Smooth Sailing in a Perfect Storm of Student Debt? Change and Inequality in Borrowing and Returns to Advanced Degrees

WCER Working Paper No. 2018-9

Jaymes Pyne and Eric Grodsky

August 2018, 39 pp.

ABSTRACT: Recent efforts to understand aggregate student loan debt have shifted the focus away from undergraduate borrowing and towards dramatically rising debt among graduate and professional students. We suggest educational debt plays a key role in social stratification by deterring bachelor’s degree holders from disadvantaged and underrepresented backgrounds from pursuing lucrative careers through advanced degree programs. We speculate that the ongoing personal financing of advanced degrees, changes to funding in higher education and increasing returns to and demand for post-baccalaureate degrees have created a perfect storm for those seeking a degree beyond college. We find that aggregate increases in borrowing among advanced degree students between 1996 and 2016 can be explained in part by increasing enrollment rates, particularly among master’s degree students, and large, secular increases in graduate and professional students’ undergraduate and graduate borrowing. In contrast to undergraduate debt alone, the burden of educational debt among graduate borrowers appears to have fallen on students from lower socioeconomic backgrounds and historically discriminated students of color more so than their more advantaged counterparts and women more so than men. Average graduate degree wage premiums over bachelor’s degree holders are substantial for many who graduate with an advanced degree, but are particularly high for African American graduates, complicating simple conclusions about the stratification of debt at the post-graduate level.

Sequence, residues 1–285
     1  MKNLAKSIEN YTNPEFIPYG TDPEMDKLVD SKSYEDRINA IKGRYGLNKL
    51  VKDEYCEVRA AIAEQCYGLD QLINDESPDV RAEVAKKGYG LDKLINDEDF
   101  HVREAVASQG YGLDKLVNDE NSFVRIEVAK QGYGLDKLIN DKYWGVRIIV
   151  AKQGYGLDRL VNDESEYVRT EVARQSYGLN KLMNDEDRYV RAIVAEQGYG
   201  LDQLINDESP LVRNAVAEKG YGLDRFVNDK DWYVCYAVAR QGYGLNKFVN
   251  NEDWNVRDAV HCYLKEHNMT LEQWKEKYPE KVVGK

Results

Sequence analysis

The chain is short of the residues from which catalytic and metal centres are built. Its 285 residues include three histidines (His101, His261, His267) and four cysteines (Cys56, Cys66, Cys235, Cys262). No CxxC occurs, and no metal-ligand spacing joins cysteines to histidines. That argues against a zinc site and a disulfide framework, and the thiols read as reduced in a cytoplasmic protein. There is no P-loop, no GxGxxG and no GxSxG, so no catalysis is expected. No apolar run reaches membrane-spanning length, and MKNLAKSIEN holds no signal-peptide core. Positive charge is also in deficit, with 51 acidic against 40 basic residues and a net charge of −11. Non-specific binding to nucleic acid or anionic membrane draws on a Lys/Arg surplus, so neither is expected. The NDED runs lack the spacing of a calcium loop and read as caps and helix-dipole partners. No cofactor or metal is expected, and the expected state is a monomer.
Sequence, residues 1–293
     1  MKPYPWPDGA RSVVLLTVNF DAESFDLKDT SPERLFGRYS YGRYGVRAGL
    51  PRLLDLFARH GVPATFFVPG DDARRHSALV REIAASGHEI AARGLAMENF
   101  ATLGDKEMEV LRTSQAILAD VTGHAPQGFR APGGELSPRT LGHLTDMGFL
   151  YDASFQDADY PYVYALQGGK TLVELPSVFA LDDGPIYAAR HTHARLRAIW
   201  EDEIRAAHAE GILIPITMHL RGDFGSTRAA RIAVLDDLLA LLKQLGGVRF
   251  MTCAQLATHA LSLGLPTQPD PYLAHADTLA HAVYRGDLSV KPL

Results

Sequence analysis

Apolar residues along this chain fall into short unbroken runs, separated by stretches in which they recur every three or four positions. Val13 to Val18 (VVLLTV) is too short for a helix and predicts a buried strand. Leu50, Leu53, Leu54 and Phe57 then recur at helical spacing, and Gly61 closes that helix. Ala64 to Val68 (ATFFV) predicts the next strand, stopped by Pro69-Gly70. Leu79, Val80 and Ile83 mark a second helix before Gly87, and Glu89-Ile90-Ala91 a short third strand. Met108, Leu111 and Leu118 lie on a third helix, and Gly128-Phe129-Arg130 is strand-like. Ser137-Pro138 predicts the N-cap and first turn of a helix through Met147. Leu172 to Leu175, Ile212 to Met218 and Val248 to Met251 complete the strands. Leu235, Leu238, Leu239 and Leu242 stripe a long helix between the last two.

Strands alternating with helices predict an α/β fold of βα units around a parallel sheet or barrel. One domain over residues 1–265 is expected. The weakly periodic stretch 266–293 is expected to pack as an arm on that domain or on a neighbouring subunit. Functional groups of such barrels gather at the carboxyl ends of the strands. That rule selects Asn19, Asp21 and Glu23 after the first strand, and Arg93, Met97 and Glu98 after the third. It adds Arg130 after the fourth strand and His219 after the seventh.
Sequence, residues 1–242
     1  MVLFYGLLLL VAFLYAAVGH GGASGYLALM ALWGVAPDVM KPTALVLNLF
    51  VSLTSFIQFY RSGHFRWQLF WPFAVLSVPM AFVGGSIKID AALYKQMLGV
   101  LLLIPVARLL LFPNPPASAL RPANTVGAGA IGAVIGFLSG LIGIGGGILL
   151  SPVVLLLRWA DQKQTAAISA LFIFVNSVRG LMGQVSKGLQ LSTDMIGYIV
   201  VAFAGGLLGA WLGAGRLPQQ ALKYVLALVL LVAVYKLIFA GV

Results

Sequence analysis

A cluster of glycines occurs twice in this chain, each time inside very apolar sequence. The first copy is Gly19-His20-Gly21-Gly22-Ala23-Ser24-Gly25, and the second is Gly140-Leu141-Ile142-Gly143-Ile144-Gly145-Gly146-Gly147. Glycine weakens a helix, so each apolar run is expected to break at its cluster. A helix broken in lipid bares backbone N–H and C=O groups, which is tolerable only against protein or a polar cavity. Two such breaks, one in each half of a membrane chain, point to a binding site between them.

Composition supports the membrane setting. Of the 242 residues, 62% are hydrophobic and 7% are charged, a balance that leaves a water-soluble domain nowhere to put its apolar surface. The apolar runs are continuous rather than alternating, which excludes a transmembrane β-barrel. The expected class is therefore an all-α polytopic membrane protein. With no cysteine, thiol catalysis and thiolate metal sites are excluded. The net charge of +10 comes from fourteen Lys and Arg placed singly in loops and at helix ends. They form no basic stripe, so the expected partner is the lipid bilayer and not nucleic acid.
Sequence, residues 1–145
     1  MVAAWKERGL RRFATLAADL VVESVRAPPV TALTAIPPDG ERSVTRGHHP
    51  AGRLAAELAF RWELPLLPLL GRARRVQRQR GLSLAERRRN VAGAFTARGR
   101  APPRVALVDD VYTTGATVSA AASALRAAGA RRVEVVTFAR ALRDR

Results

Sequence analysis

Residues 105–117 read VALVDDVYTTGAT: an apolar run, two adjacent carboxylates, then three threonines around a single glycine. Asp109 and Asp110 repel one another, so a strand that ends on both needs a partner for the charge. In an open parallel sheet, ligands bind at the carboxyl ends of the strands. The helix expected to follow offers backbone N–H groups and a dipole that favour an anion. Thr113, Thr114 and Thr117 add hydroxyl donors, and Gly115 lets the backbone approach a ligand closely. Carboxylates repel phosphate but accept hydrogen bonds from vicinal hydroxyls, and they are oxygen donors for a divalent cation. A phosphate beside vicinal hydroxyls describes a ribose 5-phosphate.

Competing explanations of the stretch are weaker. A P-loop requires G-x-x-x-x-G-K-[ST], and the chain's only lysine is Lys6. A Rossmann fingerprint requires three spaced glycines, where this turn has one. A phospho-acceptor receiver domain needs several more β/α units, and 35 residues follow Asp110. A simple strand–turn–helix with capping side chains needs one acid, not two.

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keywords: student debt, graduate education, higher education, inequality, returns to education